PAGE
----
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Committee Member Dennis Kelly on His Love of American Muscle Cars

Committee Member Dennis Kelly on His Love of American Muscle Cars

February 14, 2020 by

Dennis Kelly Dennis Kelly

As a Master Sommelier and owner of Silicon Valley’s award-winning Protégé restaurant, I am focused on delivering an extraordinary food and wine experience to our guests. But, deep down in my heart of hearts, I’m still a Midwestern kid who fell in love with bombastic American muscle cars. My love for those cars started with the car in the picture below: A 1973 fire-engine red Pontiac Firebird Trans Am that my father bought my mother for Valentine’s Day in 1974. My brother-in-law Ron (shown pointing in the photo) recently refurbished the car for my mom, and I’m looking forward to taking it for a nostalgic cruise this summer. I learned to drive in this car—and I remember accidentally ‘chirping’ the tires backing out of my girlfriend’s driveway in front of her mom. It was a challenge to control the 455 cubic-inch V8 rumbling underneath the shaker-scoop adorned hood.

momscar.jpeg

Like fine wine, my appreciation of these iconic automobiles is in the details. The cars I list here are all very special, even more special than their stock versions and other variants. These are all very desirable pieces of driveable art; I only wish I had a big enough “wine cellar” to acquire and store them all. Here is my Top 5 Wishlist, in ascending order:

#5: 1969 Hurst/Oldsmobile Cutlass 442, which initially stood for the four-barrel carburetor, four on the floor transmission, and dual exhaust—decked out in gold racing stripes over a white paint scheme.

#4: 1967 Chevrolet Camaro Z28: With only 602 produced in its first year of production, this version sported duel racing stripes and was designed to be “virtually race ready.”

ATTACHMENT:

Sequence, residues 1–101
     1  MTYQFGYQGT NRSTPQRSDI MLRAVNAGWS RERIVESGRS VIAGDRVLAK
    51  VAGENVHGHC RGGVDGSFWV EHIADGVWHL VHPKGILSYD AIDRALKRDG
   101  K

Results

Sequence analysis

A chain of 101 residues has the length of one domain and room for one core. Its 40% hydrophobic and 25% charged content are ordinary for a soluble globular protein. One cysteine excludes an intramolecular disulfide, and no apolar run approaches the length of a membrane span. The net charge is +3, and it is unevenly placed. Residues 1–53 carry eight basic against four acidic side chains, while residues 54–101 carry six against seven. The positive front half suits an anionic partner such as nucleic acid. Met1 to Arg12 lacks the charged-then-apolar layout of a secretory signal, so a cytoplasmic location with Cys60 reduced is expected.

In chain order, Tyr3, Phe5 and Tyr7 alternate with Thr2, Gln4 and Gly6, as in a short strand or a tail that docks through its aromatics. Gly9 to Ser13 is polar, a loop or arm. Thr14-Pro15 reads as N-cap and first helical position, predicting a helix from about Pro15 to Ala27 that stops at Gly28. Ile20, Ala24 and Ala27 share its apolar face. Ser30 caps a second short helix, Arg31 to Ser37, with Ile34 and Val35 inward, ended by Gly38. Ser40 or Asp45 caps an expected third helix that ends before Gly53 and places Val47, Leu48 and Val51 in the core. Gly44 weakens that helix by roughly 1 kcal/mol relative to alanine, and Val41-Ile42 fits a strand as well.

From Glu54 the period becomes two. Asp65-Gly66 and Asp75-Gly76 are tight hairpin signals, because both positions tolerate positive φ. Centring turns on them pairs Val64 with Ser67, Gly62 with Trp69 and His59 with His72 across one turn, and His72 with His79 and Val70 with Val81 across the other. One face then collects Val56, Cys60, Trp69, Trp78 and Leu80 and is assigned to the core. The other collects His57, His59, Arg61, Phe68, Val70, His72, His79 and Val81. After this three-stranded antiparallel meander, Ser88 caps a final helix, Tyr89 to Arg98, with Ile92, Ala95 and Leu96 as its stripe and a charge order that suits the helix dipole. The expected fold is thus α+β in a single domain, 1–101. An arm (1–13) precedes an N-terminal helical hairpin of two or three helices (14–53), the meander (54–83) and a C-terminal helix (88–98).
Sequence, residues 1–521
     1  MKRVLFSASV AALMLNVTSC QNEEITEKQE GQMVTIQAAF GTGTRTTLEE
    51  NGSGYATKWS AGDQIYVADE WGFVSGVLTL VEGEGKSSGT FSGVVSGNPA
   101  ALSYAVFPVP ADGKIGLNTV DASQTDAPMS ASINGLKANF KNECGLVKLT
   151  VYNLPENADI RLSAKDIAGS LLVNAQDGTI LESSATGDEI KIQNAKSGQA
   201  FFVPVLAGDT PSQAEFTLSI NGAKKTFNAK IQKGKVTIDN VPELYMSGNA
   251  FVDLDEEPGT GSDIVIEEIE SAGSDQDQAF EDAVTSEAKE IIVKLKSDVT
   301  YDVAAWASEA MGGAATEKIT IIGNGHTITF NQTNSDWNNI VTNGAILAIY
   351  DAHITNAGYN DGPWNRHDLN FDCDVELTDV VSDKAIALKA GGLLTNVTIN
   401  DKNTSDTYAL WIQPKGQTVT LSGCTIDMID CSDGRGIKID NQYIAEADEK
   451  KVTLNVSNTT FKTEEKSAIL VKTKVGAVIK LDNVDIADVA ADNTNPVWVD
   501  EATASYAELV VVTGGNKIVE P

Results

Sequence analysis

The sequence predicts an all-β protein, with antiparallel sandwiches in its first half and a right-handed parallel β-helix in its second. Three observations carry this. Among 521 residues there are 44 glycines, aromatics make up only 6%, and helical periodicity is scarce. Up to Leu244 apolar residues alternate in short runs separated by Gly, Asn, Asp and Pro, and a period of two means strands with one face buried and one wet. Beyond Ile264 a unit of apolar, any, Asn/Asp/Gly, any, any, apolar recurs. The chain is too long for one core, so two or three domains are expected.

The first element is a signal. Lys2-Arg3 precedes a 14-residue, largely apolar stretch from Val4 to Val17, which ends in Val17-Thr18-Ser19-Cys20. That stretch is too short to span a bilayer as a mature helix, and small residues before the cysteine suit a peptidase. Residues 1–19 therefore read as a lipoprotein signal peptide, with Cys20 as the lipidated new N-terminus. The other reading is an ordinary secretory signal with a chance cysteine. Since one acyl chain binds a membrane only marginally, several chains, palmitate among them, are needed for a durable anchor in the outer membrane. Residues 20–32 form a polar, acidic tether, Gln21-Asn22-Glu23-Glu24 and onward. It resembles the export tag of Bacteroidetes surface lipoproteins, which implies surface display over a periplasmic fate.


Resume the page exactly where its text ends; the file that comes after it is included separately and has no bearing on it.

#3: 1969 Pontiac GTO “The Judge,” ideally in Warwick Blue with its duel racing scoops and rear spoiler, and showcasing a 400 cubic-inch Ram Air III V8 engine.

#2: 1970 Pontiac Firebird Trans Am: The introduction of the second-generation Firebird featured functional spoilers, side vents, a shaker hood scoop, and introduced the iconic single racing stripe and nose bird-decal combination.

#1: 1966 Chevrolet Corvette Sting Ray, of course, preferably in black with red racing stripes and the iconic 427 cubic-inch “Big Block" engine, which cranked out a whopping 425 horsepower!

protegepaloalto.com













Committee Member Dennis Kelly on His Love of American Muscle Cars

February 14, 2020 by Dennis Kelly

As a Master Sommelier and owner of Silicon Valley’s award-winning Protégé restaurant, I am focused on delivering an extraordinary food and wine experience to our guests. But, deep down in my heart of hearts, I’m still a Midwestern kid who fell in love with bombastic American muscle cars. My love for those cars started with the car in the picture below: A 1973 fire-engine red Pontiac Firebird Trans Am that my father bought my mother for Valentine’s Day in 1974. My brother-in-law Ron (shown pointing in the photo) recently refurbished the car for my mom, and I’m looking forward to taking it for a nostalgic cruise this summer. I learned to drive in this car—and I remember accidentally ‘chirping’ the tires backing out of my girlfriend’s driveway in front of her mom. It was a challenge to control the 455 cubic-inch V8 rumbling underneath the shaker-scoop adorned hood.

momscar.jpeg

Like fine wine, my appreciation of these iconic automobiles is in the details. The cars I list here are all very special, even more special than their stock versions and other variants. These are all very desirable pieces of driveable art; I only wish I had a big enough “wine cellar” to acquire and store them all. Here is my Top 5 Wishlist, in ascending order:

#5: 1969 Hurst/Oldsmobile Cutlass 442, which initially stood for the four-barrel carburetor, four on the floor transmission, and dual exhaust—decked out in gold racing stripes over a white paint scheme.

#4: 1967 Chevrolet Camaro Z28: With only 602 produced in its first year of production, this version sported duel racing stripes and was designed to be “virtually race ready.”

#3: 1969 Pontiac GTO “The Judge,” ideally in Warwick Blue with its duel racing scoops and rear spoiler, and showcasing a 400 cubic-inch Ram Air III V8 engine.

#2: 1970 Pontiac Firebird Trans Am: The introduction of the second-generation Firebird featured functional spoilers, side vents, a shaker hood scoop, and introduced the iconic single racing stripe and nose bird-decal combination.

#1: 1966 Chevrolet Corvette Sting Ray, of course, preferably in black with red racing stripes and the iconic 427 cubic-inch “Big Block" engine, which cranked out a whopping 425 horsepower!

protegepaloalto.com